automobile batteries

Physical dimensions: BCI group numbers

The physical dimensions and some other characteristics of an automobile starter battery are specified by its group number. Stores that sell batteries have tables showing what group number a given make of automobile, model and year requires, and a used battery should have a label saying what group number it is.

Battery groups are established by the Battery Council International, which publishes the annual BCI Replacement Battery Data Book . A table showing the dimensions of many BCI group numbers can be found at or Note that an “R” following a group number indicates a battery with the same dimensions as the same group number without the R, but with reversed polarity.


For each battery group the SAE specifies two minimum CCA (cold-cranking amps) ratings:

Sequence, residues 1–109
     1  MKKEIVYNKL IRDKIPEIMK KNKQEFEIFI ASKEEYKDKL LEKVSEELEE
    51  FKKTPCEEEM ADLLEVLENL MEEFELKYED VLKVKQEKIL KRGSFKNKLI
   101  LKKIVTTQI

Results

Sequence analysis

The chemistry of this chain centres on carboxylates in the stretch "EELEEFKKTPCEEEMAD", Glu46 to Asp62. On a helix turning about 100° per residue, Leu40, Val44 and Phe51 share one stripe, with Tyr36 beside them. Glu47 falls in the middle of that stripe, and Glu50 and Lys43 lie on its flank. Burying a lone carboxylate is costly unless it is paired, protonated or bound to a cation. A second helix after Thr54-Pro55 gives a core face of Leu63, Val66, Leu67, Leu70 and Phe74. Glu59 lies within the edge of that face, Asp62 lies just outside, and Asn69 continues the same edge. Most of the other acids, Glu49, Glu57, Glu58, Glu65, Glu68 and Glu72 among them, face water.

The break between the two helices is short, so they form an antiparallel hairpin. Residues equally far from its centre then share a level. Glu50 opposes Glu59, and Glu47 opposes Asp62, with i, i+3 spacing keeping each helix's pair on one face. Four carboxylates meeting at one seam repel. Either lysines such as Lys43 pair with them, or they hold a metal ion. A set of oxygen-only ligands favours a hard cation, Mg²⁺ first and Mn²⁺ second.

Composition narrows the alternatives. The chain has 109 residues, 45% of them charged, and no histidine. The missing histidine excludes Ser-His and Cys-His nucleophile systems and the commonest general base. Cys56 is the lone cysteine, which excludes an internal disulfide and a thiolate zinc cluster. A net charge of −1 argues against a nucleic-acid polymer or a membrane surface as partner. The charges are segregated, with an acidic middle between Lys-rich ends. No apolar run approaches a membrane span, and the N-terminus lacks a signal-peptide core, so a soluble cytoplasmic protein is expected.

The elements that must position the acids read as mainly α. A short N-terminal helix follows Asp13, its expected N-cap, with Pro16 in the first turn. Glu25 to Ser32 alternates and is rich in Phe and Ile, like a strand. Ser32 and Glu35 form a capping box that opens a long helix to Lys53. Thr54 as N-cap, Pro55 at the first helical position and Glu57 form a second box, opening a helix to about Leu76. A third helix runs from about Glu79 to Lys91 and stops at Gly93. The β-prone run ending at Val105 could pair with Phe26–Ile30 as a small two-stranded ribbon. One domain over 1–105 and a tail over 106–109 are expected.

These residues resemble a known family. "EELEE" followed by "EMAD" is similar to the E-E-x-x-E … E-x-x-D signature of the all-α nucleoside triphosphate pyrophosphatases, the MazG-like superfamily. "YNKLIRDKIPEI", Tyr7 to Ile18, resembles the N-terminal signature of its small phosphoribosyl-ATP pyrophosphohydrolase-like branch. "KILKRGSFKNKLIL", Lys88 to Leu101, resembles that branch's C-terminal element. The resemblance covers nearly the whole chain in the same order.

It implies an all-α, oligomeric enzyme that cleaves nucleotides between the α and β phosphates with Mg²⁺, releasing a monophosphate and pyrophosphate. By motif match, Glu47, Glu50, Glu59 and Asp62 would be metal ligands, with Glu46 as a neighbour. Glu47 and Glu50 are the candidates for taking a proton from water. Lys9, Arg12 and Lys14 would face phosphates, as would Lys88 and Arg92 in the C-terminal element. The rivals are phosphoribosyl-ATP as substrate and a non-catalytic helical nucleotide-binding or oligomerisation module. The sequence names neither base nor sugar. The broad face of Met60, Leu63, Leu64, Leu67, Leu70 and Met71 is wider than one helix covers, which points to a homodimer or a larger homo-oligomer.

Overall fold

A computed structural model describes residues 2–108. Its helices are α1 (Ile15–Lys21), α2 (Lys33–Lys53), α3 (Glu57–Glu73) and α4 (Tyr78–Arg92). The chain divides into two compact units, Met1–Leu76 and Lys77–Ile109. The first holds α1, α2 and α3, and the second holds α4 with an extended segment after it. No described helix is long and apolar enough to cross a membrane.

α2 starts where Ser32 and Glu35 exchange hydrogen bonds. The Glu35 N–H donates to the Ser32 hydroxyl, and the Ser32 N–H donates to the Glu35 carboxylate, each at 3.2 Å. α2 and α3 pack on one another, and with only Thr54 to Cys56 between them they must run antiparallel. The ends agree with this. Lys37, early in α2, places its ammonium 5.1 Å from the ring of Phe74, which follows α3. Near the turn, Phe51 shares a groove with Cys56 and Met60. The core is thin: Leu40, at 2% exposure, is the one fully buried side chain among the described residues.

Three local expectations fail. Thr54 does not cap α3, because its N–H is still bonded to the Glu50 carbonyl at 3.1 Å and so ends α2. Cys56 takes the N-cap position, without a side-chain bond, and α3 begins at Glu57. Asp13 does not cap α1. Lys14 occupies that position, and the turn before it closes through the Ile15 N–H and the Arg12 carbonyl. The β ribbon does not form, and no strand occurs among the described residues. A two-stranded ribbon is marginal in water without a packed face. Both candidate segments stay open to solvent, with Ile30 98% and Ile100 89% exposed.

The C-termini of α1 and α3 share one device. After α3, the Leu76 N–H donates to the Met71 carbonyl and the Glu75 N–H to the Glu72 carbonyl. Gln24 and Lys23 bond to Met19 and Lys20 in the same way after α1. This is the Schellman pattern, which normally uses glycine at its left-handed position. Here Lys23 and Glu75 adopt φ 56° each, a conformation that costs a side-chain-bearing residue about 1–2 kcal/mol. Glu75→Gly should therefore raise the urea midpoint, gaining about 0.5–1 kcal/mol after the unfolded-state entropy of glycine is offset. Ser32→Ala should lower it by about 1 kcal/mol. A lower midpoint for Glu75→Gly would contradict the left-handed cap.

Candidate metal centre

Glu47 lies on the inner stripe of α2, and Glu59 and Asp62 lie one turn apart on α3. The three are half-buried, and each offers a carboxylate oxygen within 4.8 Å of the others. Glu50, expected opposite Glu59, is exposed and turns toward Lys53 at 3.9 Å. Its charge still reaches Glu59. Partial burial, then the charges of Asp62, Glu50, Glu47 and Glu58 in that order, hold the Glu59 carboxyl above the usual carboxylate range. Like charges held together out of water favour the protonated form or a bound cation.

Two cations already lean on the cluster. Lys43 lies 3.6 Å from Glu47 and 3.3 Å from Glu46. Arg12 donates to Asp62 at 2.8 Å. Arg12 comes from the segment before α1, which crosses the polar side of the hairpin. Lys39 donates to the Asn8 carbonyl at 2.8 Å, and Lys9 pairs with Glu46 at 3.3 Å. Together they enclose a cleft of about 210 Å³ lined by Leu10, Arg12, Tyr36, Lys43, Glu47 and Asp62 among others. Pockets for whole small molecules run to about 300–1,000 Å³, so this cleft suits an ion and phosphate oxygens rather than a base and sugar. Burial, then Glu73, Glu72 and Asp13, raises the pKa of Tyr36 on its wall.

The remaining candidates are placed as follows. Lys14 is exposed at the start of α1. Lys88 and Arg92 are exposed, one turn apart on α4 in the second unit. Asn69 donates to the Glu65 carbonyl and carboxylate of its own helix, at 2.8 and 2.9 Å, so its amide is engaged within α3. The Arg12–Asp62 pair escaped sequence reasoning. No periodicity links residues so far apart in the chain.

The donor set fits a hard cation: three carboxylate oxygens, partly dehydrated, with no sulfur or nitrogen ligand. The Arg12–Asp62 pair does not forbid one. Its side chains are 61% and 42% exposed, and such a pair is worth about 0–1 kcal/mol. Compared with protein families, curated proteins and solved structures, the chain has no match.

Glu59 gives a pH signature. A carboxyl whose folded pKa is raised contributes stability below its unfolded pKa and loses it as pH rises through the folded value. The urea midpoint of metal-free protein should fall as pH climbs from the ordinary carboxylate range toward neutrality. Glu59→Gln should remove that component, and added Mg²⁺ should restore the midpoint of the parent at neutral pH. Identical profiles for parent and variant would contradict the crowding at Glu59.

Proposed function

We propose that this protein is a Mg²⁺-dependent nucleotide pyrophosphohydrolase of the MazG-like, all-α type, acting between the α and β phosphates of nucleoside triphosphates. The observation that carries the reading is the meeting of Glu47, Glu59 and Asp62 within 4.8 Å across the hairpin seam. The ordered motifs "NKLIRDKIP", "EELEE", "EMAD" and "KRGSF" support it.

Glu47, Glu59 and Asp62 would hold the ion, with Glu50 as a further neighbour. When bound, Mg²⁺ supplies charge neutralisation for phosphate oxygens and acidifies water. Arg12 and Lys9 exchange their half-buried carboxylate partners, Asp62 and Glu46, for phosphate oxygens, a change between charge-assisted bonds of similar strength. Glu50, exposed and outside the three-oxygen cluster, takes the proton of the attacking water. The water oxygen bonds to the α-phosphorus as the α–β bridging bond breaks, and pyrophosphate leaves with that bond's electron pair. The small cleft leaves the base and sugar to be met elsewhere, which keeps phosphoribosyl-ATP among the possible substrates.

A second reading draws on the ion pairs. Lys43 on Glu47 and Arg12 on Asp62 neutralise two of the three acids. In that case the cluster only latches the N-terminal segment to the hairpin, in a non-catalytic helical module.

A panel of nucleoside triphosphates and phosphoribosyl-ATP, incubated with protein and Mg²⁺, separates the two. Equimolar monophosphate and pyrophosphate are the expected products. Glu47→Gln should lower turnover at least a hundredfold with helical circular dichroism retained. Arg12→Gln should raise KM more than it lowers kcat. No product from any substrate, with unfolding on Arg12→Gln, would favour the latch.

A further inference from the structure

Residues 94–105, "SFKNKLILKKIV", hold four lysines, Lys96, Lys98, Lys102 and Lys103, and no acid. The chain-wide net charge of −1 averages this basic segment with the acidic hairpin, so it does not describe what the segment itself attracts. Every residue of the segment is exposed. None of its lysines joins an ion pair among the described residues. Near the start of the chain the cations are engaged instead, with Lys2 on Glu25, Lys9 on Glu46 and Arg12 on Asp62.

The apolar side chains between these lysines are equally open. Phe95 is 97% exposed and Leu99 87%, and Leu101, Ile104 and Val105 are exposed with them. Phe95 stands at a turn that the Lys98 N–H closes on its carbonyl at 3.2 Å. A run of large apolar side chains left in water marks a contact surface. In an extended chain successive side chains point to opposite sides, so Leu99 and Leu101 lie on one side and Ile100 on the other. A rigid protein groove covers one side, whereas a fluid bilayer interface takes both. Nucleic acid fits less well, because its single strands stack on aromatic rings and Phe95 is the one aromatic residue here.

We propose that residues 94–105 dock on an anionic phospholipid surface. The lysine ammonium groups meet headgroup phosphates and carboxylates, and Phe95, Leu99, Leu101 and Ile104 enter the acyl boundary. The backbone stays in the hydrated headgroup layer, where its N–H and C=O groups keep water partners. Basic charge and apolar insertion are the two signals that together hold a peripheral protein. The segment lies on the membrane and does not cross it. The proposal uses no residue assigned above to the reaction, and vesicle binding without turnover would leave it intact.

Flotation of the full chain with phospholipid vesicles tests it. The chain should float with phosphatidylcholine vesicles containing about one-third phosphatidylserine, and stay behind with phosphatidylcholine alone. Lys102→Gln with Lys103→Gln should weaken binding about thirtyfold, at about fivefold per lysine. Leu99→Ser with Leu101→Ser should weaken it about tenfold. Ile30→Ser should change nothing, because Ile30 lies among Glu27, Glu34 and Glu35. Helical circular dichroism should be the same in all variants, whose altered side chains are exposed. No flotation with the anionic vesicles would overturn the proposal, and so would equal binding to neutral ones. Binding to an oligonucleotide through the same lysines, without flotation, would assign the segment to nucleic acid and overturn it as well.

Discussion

After the battery is brought to the test temperature it is discharged at the rated CCA current for 30 seconds. To pass the test, each cell must then still have a voltage of at least 2.1 volts. Because starting an engine on a cold morning is one of the most severe demands placed on a battery, these ratings are a good indication of the battery's capacity.

A special class of automobile batteries are deep-discharge batteries, which are designed to be repeatedly drained completely, on electric trolling motors for fishing, for example. Such use would quickly destroy an ordinary car battery. Instead of a CCA rating, these batteries have an MCA (for marine cranking amps) rating.


Terminal posts may be threaded or unthreaded. If they are unthreaded, they have a 1:9 taper, are at least 0.625 inch high, and the positive terminal is slightly larger (0.688 inch) than the negative terminal (0.625 inch). If they are threaded, the thread is 3/8-16 UNC 2A.

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